Pacific Rock is a firm, aged, farm-style, pressed cheese similar to Red Leicester cheese from England.

Pacific Rock has an orange coloured washed-rind sprinkled with a white powdery dusting. The paste has an eye-catching rich deep-orange hue and a firm texture very similar to cheddar cheese but more moist and crumbly. Pacific Rock has a slightly nutty, caramel, mellow flavour with a citrus tangy finish.

Pacific Rock is a versatile cheese; it can be added to salads and sauces, it melts beautifully and is a colourful addition to any cheese plate. Pacific Rock pairs well with a brown ale or a full-bodied white like Muscadet or Chenin Blanc.

Pacific Rock gets its name from Canada's beautiful West Coast, which is bordered by steep cliffs that drop into the Pacific Ocean. La Maison Alexis de Portneuf's founding ancestor, Alexis Cayer had traveled to the west coast on the Canadian Pacific train and was captivated by the breathtaking landscape.

Pacific Rock label

La Maison Alexis de Portneuf is committed to preserve the quality and authentic character of every specialty cheese they produce. The World Champion Le Cendrillon, La Sauvagine, Saint-Honoré, La Roche Noire are but a few, among the vast selection of cheese they produce.



Mimolette cheese is also known as Boule de Lille after its city of origin, Lille in Nord Pas de Calais, France. It is also known as vieux Hollande and in some areas of Belgium and the Netherlands Mimolette is known as Commissiekaas.

It is said that Mimolette was originally made by the request of Louis XIV, who was looking for a French cheese to replace the very popular Edam cheese from Holland. However to differentiate it from Edam, they coloured the cheese with annatto, a natural orange colorant.

Mimolette cheese

This 6 months aged Mimolette is produced by Isigny Sainte-Mère, a cooperative dairy located in Normandie, France.  The fame and fortune of Isigny Sainte-Mère was built on the unique flavour of its butter and the rich, silky texture of its crème fraîche. Isigny Sainte-Mère produces approximately 60% of the Mimolette in France.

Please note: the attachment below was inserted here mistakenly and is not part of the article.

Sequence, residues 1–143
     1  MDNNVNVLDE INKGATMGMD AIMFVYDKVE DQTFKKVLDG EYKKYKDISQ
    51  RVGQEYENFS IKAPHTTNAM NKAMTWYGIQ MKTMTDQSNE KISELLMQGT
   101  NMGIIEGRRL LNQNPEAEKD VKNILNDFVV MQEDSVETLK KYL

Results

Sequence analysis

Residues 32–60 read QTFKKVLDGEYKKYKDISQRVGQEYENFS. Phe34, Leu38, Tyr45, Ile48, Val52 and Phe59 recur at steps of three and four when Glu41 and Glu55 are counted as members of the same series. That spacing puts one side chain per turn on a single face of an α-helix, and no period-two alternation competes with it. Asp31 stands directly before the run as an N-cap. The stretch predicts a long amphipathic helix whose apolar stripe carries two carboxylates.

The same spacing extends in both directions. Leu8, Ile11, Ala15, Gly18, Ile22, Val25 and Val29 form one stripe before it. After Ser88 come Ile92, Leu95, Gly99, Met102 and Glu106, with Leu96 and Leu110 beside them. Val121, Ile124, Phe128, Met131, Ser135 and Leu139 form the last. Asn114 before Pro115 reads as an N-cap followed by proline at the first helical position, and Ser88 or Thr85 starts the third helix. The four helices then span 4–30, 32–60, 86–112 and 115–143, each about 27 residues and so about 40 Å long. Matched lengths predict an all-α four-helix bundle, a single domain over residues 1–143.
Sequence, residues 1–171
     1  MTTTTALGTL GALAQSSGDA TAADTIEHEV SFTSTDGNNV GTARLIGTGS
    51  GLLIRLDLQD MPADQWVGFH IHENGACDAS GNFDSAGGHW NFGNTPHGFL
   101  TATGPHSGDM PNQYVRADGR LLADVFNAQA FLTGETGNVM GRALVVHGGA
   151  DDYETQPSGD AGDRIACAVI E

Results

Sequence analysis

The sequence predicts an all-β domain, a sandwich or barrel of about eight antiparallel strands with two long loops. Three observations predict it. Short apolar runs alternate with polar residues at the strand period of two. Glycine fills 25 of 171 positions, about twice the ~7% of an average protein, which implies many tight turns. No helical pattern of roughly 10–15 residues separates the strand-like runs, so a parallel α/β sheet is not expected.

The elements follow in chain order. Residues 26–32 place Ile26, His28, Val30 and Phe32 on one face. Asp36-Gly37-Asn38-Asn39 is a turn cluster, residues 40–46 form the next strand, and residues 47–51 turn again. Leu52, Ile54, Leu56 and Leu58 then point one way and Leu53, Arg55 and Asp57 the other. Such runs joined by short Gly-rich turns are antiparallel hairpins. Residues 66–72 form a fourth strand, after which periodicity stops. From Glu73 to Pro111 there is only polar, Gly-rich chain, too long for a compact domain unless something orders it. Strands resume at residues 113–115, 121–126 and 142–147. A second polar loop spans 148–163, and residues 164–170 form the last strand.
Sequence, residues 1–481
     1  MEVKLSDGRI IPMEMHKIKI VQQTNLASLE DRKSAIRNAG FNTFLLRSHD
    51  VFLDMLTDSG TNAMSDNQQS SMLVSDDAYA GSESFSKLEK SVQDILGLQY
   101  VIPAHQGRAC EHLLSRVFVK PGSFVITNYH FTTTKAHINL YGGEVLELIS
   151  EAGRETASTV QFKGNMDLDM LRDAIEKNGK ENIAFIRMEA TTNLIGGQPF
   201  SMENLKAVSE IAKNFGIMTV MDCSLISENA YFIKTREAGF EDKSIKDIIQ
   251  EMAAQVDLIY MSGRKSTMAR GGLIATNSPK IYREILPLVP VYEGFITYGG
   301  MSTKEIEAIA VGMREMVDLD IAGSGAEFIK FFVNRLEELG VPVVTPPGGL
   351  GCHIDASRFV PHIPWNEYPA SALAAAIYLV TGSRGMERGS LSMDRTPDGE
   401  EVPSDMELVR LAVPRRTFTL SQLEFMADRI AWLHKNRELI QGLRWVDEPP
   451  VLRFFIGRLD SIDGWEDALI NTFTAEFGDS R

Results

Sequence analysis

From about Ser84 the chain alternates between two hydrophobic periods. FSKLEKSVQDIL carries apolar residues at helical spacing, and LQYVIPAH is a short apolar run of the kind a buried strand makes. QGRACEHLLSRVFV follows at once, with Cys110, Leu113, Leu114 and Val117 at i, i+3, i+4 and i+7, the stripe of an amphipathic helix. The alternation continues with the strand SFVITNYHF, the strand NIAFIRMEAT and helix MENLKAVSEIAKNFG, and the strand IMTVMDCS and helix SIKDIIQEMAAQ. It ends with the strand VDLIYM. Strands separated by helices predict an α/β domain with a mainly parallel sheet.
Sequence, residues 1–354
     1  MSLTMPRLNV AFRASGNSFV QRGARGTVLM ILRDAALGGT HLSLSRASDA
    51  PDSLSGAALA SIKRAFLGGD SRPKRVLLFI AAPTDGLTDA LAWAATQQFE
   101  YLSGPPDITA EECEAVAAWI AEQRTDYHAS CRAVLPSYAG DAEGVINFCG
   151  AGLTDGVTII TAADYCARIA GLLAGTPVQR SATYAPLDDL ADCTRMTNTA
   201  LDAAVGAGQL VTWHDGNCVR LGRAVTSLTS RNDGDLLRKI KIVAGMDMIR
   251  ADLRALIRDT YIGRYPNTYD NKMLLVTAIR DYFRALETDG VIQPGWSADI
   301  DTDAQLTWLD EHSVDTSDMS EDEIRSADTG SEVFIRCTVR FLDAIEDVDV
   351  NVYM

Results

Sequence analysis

Mimolette is a round shaped, uncooked, pressed paste, pasteurised cow's milk cheese, weighing 2.5 to 3 kg (5.5 to 6.5 pounds). Apart from its distinctive round melon shape, slightly flattened on top and bottom, Mimolette has a stricking bright orange coloured paste.

Mimolette can be eaten at various stages of maturity. A young, Mimolette (aged 3 months) has a moist semi-firm springy paste and rind.  With the semi-old (aged 6 months), old (aged 12 months) and extra-old (aged 18-24 months) the paste of the Mimolette darkens to a deeper pumpkin coloured hue and becomes much harder with age, sometimes even hard to chew.

Mimolette aged with crusty rind

The greyish-tan textured crusty rind on an aged Mimolette is the result of Acarus siro mites. The action of these living cheese mites on the surface of the Mimolette contributes to its peculiar appearance and distinctive earthy flavor and intense aroma.

Most cheese lovers will appreciate an aged Mimolette for its exquisite spicy, salty flavour and its wonderful lingering caramelized butterscotch finish. Mimolette pairs nicely with desert wines such as a French Banyuls.